“If we have data, let’s look at data. If all we have are opinions, let’s go with mine.”
Jim Barksdale, Former CEO of Netscape
The best part of my job is that I get to chat with leaders in Product and UX at a lot of great companies. So when I hear a common theme, I blog about it.
Lately, I have heard a lot of frustration around the often painful (and inefficient) process of feature prioritization. I have heard many complaints about a highly political process that is largely driven by anecdotes and debatable estimations.
“Our customer needs this feature to renew!” – Sales
“Our competitor just launched this feature and it is getting a lot of buzz!” – Marketing
“I have this great idea, it’s going to be huge!” – Sr. Exec
“This feature will have a bigger financial impact.” – Finance
When I hear this, I think of the great Jim Barksdale quote that I used to open this post.
We all have amazing customer demand analytics about the live product, yet the pre-build prioritization process is often void of customer demand data.
The good news is this is easy to fix.
I Already Know the Customers Want This! Let’s Just Build It
What customers say they will do, what customers say they did and what customers actually do are three different things.
This inconvenient truth is what makes the feature prioritization process so difficult. This fact about customers leads to three common problems:
- An over-reliance upon estimates of value
- Assuming that a customer’s description of the problem is truly what they mean. Often customers more clearly define their pain point only after seeing the designed solution. It is not uncommon to hear, “oh..that’s not what I meant..I actually meant..”
- Confusing validation of the Problem Space with validation of the Solution Space. Just because a customer validates her pain point, doesn’t mean that using your designed solution is compelling relative to alternatives.
Bring Zen to Your Prioritization Process:
The point of Lean is to reduce waste. While all of the stakeholders are well meaning and I am sure truly believe their arguments, the simple fact is that the source of their anecdotes hasn’t been validated. Until you validate the potential solution with customers, all you really have is a hypothesis about demand.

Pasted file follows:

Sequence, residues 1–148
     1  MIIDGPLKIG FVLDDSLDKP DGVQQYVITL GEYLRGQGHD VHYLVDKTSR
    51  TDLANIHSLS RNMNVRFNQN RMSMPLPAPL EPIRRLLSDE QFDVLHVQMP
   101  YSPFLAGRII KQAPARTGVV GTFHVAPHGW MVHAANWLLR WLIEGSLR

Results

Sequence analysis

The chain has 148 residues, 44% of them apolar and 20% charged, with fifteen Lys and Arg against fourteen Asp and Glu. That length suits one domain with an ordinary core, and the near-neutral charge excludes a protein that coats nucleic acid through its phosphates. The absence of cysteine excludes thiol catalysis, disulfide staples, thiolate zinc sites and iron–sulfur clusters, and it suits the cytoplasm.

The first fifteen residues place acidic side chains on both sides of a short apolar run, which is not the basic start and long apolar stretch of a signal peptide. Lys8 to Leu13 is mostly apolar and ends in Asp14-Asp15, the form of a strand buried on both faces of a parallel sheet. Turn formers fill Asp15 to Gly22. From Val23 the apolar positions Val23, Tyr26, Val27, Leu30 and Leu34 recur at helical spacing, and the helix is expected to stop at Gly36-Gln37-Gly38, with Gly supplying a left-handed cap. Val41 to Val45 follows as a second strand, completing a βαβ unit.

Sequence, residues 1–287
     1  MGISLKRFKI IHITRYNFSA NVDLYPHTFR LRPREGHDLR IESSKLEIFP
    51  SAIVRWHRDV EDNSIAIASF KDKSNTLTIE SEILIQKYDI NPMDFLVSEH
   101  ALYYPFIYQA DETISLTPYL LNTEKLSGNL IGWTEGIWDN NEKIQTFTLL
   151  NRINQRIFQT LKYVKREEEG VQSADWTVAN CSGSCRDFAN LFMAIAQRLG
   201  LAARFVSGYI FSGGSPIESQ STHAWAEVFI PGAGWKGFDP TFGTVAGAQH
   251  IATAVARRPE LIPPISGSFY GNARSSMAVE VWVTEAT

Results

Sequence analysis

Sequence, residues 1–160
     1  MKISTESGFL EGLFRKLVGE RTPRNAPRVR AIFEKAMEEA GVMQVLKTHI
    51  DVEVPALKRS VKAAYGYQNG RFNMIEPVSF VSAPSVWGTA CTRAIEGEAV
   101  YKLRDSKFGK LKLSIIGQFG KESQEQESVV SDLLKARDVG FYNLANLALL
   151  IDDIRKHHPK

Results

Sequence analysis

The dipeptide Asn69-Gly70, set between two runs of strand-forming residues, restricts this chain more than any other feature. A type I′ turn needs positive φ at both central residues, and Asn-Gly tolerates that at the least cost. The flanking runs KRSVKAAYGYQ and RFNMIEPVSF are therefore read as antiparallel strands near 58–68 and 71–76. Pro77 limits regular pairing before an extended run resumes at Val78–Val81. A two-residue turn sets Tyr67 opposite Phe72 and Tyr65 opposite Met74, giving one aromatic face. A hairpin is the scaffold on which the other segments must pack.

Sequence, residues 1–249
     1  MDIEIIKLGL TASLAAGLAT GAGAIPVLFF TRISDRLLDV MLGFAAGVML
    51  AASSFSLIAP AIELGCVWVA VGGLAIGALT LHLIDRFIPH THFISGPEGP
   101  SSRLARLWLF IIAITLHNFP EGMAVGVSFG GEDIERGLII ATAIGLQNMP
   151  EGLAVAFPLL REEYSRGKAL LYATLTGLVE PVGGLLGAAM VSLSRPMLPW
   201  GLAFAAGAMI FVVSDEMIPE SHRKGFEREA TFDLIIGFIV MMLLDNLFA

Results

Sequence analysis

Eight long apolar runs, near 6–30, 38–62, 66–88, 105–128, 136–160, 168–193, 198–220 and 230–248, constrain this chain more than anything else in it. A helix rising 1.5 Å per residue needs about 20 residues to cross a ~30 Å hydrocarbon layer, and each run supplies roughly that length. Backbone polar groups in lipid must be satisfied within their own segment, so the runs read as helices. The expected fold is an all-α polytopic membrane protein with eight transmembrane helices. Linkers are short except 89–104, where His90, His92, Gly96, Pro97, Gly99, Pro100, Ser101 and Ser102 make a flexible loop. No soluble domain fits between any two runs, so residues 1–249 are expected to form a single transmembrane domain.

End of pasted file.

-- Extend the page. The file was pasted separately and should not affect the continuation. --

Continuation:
Here is how you bring Customer Demand Data into the prioritization process:
- Create prototypes of the top features in the backlog. The ones that clearly stick out among the group.
- Run Demand Validation Tests against each prototype
- Benchmark the test respondents’ answers to the Cost Question for all tests.
- Be sure to ask the same Cost Question for all of your tests
- If certain features under-perform, but are highly strategic, then feel free to iterate and test again. But if the response is consistent, then build it at your own risk.
- Prioritize based on actual solution demand from customers, making slight adjustments based on development effort (i.e. if the #3 most valued feature is easier to build, then feel free to crank that one out first and ship it).
The Key to This Exercise:
The key to the Demand Validation test is the Cost Question. That is, it has to cost the customer something important to say, “yes, I want that feature.” The customer has to make a trade-off between something of value to them and this feature. That is when they truly evaluate its significance. Without the Cost Question, a customer’s input is counterproductive.
We have stated before that there are only three things that mean something (in this context) to a customer:
- Their Time
- Their Reputation
- Their Money
If you want to understand this point deeper, read the post on Demand Validation Tests.
Common objection: But I Don’t Have Time to do This!
Setting up a Demand Validation Test is very quick. You can set one up using Validately’s template within 60 seconds. We even help you recruit test respondents. There is a time lag in getting data back, so you need to start the process at least a week before the next sprint to allow for time to get the data back and interpret it. That means no more just in time delivery of designs.
So is it worth it? Should you alter your process to allow for this type of testing before the sprint planning meeting? Well, consider these stats:
- A typical team spends 30% of their time on re-work. 30%!
- 50% of a typical product’s features are unused.
- Oh..and this ignores the opportunity cost of working on the highest impact features.
Still not convinced? Think about all of the time and brain power your team is wasting debating or jockeying for certain features. Moving to a data driven prioritization approach will free up the wasted time and energy in prioritization debates.
How to Get Started
I am not suggesting major organizational change. A good way to get started is to start two sprints from the one that you are in right now. Set up Demand Validation Tests in Validately (which takes a minute to do) for the top 5 features that you are considering for that sprint. If you want help, just email me. I am happy to help work with your team for free to set up the first test.